Suppose $\mathcal{H}$ is a separable Hilbert space over $\mathbb{C}$ (countable dimensions) with inner product $\langle,\rangle$. Let $A$ be a bounded linear operator on $\mathcal{H}$, i.e, in $B(\mathcal{H}$). Suppose further that $A$ is not a multiple of the identity operator. Then is it true that there exist two elements of $\mathcal{H}$, call them $v_1$,$v_2$, of norm 1, such that $\langle v_1 , A v_1 \rangle \neq \langle v_2, A v_2 \rangle$? This is true in finite dimensions (I think).

The answer is yes, this is true (assuming that the Hilbert space is complex). If $\langle \xi,A\xi \rangle = \sigma$ for some $\sigma \in \mathbb C$ and all $\xi$, then $B:=A  \bar \sigma 1_H$ has the property that $\langle \xi,B\xi \rangle =0$ for all $\xi \in H$. We need to show $B=0$. Let $\xi \in H$ be arbitrary and consider the vector $\lambda \xi + \mu B\xi$ for some $\lambda,\mu \in \mathbb C$. We get: $$0=\langle \lambda \xi + \mu B \xi, \lambda B\xi + \mu B^2 \xi \rangle = \lambda \bar\mu \langle \xi,B^2 \xi \rangle + \mu \bar\lambda \B \xi\^2$$ for all complex $\lambda$ and $\mu$. Taking $\lambda = \mu = 1$, we see $\B\xi\^2 =  \langle \xi,B^2 \xi \rangle$. Taking $\lambda=1, \mu=i$, we get $\B\xi\^2 = \langle \xi,B^2 \xi \rangle$. This shows $B \xi =0$.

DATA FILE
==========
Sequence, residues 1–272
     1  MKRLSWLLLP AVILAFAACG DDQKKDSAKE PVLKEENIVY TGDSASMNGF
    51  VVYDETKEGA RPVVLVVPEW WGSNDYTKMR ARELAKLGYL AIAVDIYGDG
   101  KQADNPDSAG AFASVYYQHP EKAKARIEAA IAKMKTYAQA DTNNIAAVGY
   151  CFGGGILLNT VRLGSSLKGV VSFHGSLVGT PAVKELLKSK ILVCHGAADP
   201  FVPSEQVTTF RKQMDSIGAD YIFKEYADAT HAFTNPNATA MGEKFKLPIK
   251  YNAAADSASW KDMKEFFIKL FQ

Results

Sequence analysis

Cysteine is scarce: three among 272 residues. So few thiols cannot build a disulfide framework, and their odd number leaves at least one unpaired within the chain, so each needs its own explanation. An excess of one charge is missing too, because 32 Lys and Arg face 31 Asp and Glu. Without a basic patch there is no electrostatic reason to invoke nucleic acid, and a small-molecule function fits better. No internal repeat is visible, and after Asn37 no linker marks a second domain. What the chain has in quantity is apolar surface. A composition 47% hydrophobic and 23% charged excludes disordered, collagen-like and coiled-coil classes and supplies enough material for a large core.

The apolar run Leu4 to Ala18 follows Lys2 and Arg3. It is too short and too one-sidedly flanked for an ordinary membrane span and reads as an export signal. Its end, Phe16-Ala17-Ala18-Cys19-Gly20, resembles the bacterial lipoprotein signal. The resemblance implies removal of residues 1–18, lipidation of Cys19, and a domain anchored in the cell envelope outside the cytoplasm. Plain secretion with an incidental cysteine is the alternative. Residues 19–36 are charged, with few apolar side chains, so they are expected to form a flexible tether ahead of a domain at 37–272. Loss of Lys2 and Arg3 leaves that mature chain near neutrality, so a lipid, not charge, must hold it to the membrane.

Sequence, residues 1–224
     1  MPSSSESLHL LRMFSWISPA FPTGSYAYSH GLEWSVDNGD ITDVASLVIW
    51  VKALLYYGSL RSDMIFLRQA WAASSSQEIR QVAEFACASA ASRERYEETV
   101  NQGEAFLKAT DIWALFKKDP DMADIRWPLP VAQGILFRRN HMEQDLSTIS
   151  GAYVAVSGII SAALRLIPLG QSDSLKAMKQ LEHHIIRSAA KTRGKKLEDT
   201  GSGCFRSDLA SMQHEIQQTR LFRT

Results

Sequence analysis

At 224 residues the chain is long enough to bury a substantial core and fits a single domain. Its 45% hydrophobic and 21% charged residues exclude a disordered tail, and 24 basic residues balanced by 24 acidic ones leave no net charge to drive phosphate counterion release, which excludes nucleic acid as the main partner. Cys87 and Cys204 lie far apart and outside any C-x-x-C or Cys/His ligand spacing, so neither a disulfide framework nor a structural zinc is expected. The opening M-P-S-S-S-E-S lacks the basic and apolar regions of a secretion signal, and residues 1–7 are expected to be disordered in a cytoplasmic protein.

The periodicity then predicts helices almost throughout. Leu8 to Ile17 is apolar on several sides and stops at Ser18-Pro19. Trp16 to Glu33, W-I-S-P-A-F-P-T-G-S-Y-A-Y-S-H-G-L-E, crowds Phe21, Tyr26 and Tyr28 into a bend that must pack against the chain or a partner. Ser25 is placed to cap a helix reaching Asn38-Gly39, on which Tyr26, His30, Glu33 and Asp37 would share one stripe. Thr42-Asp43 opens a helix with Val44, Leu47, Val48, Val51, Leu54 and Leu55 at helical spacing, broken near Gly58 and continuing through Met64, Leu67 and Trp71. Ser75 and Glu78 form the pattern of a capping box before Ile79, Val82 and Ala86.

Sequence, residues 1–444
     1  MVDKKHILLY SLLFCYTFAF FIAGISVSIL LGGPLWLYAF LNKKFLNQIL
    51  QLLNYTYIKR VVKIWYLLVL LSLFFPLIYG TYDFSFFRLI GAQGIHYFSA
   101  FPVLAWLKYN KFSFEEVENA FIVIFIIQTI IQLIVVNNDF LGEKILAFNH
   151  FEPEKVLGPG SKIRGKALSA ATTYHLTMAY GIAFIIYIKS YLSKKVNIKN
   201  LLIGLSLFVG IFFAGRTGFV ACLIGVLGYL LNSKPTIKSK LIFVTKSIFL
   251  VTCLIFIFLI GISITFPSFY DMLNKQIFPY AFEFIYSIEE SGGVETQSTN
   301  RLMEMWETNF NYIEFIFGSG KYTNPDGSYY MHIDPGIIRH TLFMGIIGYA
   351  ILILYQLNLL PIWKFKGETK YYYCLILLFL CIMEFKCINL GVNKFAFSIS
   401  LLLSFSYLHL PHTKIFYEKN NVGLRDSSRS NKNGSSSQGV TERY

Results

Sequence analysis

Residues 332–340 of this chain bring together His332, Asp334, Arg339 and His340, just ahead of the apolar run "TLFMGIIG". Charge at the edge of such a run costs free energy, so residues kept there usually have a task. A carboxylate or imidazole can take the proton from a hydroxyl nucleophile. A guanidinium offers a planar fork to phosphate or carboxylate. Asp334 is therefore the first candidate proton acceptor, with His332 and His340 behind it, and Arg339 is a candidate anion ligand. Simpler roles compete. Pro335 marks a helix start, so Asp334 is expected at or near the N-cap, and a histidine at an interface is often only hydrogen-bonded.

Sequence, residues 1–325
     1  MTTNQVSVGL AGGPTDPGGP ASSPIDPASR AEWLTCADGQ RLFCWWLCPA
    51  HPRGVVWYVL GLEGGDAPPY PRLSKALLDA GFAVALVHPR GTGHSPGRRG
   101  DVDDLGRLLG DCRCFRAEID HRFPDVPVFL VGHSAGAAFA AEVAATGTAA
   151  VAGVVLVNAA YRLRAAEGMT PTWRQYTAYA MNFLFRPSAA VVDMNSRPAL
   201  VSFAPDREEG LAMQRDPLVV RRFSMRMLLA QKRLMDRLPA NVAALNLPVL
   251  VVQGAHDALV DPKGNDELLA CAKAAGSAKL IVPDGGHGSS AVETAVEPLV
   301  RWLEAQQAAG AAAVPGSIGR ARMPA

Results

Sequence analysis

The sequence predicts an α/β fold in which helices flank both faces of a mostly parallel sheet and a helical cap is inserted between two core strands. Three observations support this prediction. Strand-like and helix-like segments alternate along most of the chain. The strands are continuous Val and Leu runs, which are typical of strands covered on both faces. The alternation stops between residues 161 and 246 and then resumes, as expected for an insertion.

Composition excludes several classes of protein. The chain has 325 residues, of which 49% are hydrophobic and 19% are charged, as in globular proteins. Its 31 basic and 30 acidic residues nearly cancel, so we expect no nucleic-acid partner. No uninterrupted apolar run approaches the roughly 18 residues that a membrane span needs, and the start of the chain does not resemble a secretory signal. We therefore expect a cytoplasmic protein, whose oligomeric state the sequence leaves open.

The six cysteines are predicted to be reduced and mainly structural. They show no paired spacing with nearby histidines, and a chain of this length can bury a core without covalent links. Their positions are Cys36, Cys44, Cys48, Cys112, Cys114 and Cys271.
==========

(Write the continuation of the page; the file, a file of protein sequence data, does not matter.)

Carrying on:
Nothing new compared to Andreas's answer, just wanted to stress the polarization idea: Notation: For $H$ a Hilbert space, and $A\in B(H)$ (bounded linear operator), write $q_A$ for the quadratic form $x\mapsto \langle Ax,x\rangle$. Lemma ('polarization'): If $H$ is a complex Hilbert space, $q_A=q_B\Leftrightarrow A=B$. Proof: We may assume $B=0$ [replacing $A$ by $AB$]. If $\langle Ax,x\rangle=0$ for all $x$, then $0=\langle A( x+y),x+y\rangle$ implies $\langle Ax,y\rangle+\langle Ay,x\rangle=0$. But then [replace x by ix] also $\langle Ax,y\rangle\langle Ay,x\rangle=0$. Answer to question: Yes, and separability is not needed. Proof by contraposition: If $\lambda:=q_A(x)=q_A(y)$ for all $x,y$ of norm 1, then $q_A(h)=\lambda\h\^2=q_{\lambda I}(h)$ for all $h\in H$. Hence $q_A=q_{\lambda I}$, and the lemma implies $A=\lambda I$.